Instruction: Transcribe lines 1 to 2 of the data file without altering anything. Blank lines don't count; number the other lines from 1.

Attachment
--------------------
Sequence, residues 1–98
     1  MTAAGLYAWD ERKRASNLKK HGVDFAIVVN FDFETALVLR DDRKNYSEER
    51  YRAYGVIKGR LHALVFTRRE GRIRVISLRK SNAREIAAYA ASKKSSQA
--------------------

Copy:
Sequence, residues 1–98
     1  MTAAGLYAWD ERKRASNLKK HGVDFAIVVN FDFETALVLR DDRKNYSEER